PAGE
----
So, I'm sitting in my coffee shop after watching a double feature of two fascinating movies, one of which was "The Baader-Meinhof Komplex"
(The other film was "It Might Get Loud", but its more of a 'Chit Chat' topic...!)
The B-M Komplex is a movie of the 'True History' of the Red Army Faction- a series of interconnect terrorist groups that grew out of the student protest movements in W. Germany in the late 1960's. Starting with small actions (arson, bank robbery, some bombings), as the early leadership was imprisoned, second and third generation 'commandos' proceeded to escalate their violence in their war against the 'enemies of the people'.
Lots of interesting things to think about in this film, but what I kept coming back to was how context- what you show, what you don't show- DEEPLY matters in a film of this sort.
While the movie does, at times, showcase some of the FDR government's debates over how to handle the Red Army Faction, most of the film is from the perspective of the RAF itself. And it doesn't pull any punches- these people were brutal, and became increasingly fanatic in thier attempts to tear down what they saw as 'the system'.
"To throw one stone is a crime. To throw a hundred stones is political action."
But, in focusing upon the RAF, it runs the risk of 'glamorizing' them. More importantly, to me, it divorces the RAF and what angered them from the greater culture and debates going in W. Germany at the time.
The late 1960's and early 70's were a time of great generational strife in Germany- the RAF members from the 'Baby Boomer' generation were determined to 'never again' succumb to the evils of their parents generation, the idealism of wanting to take a stand against what they saw as American 'Imperialism' and 'Capitalism' ate away at what gave their lives meaning...family, community. In the 'struggle', they became worse than anything they blamed the W. German government of being.
W. Germany then, and to a certain extent today, is still deeply torn over the legacy and memory of WWII. The desire to do 'better', to 'never again' be like the evils of the past, can lead to a dark path of 'us' vs. 'them'- with only a form of 'total resistance' being the way to 'liberation'.
The film is interesting in that it does show how for many members of the B-M Group, this sense of 'self-actualization' in the struggle against what they saw as a very real 'Fourth Reich" was like an addiction- they needed to continue fighting, finding new ways to resist, even as what they are fighting for moved into the haze of Marxist Leninist theory. In the film, the Minister of the Interior, when asked why new RAF factions continue to come out to do more acts of bombing and assasination, asked what it is they fight for, he replies- "A myth".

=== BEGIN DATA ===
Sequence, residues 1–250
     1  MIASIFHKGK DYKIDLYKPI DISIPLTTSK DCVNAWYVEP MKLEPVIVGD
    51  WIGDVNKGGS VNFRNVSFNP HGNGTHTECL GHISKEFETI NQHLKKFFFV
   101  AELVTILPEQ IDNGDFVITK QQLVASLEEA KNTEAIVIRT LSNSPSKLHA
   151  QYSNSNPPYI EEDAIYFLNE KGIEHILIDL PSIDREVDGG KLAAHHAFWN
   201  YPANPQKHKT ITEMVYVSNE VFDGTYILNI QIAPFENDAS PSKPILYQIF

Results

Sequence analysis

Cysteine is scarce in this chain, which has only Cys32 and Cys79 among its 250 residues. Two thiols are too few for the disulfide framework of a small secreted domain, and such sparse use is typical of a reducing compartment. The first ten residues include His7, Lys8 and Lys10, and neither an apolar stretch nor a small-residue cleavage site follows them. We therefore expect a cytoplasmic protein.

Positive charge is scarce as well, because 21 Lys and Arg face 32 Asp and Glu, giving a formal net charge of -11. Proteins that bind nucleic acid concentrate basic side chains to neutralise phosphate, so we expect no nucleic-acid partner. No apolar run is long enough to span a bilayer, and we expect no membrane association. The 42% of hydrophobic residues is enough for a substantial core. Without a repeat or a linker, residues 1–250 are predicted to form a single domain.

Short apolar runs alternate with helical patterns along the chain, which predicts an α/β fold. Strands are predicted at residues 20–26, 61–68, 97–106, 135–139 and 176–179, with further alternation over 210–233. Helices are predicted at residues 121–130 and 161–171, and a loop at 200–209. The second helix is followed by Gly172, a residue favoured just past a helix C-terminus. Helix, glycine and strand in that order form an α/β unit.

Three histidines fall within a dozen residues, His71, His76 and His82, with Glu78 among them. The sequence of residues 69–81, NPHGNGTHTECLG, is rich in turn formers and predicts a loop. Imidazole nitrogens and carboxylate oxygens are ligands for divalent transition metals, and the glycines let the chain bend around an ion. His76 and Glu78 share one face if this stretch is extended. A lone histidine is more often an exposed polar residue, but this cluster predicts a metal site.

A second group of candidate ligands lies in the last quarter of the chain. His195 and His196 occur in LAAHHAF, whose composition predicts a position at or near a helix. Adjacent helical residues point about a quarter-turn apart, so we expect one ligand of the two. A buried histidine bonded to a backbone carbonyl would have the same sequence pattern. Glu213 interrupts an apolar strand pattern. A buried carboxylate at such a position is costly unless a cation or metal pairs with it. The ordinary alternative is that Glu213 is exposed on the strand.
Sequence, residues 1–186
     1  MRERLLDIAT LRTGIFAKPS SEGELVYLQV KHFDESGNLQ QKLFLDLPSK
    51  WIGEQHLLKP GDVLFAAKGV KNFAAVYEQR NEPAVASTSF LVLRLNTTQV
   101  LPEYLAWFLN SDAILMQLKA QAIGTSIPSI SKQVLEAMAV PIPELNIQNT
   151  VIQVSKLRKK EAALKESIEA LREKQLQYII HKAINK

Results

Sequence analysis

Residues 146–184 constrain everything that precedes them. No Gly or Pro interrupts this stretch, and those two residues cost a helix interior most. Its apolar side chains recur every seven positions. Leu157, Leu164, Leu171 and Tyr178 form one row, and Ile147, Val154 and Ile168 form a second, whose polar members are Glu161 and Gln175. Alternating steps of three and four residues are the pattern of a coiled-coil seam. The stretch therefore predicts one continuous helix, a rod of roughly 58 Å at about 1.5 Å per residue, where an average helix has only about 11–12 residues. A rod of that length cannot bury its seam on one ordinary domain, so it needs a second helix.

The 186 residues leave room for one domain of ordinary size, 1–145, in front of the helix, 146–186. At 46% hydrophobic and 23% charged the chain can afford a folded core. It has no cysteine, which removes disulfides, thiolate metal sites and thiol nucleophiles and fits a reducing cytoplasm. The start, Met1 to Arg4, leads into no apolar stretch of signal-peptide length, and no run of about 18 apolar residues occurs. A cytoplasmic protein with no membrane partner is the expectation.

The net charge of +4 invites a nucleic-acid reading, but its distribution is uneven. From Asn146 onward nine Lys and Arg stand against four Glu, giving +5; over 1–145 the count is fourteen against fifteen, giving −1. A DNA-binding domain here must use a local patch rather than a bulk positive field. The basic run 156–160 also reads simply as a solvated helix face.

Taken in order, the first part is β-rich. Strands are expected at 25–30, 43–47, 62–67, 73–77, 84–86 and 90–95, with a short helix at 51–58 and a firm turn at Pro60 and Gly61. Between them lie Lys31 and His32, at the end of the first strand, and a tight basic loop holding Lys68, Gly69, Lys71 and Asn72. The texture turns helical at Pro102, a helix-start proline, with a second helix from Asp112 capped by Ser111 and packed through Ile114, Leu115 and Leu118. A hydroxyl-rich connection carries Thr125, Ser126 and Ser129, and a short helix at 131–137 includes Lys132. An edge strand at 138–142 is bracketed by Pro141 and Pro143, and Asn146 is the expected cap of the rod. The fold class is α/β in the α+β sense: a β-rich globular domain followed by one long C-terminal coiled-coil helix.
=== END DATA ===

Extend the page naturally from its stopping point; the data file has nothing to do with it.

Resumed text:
Not just the myth of W. German 'tyranny' (when, in fact, the B-M members were treated with veritable 'kid gloves' in these days of Gitmo and Abu Gharib), but the myth that ONLY resolute, direct 'action' can radicalize the masses. When one member of the B-M group dares to ask how bank robberies will achieve a dramatic change in the culture, she's shut down- "That is just a bourgeoisie mentality! We just ACT- and it will occur, or we will die."
That wonderful myth- the myth of resolute, easy, manichean 'struggle' as being superior to the 'corrupt' and 'dirty' system of compromise moderate politics- that myth is what the members of the RAF fought and died for. And in not especially contrasting the RAF's continuing radicalization into the deepest hearts of darkness, and not demonstrating how W. Germany WAS able to be, by small little steps, BETTER, this film runs the risk of glamorizing this myth.
Because, more and more, across the West, I see more and more people increasingly disgusted with 'politics'. Different battles, different symbols, but the same frustrations with the 'system' continue in our modern age- and the same dangers exist that a group will re-take up the mantle of the RAF in the name of tearing down a system with blood for the sake of a radical 'cultural change'.
Fascinating movie- but read up on your history of W. Germany afterwards. Or, if you want an easier read, pick up John Le Carre's book "Absolute Friends", about a friendship born in that turbulent time that continues through to our own modern era....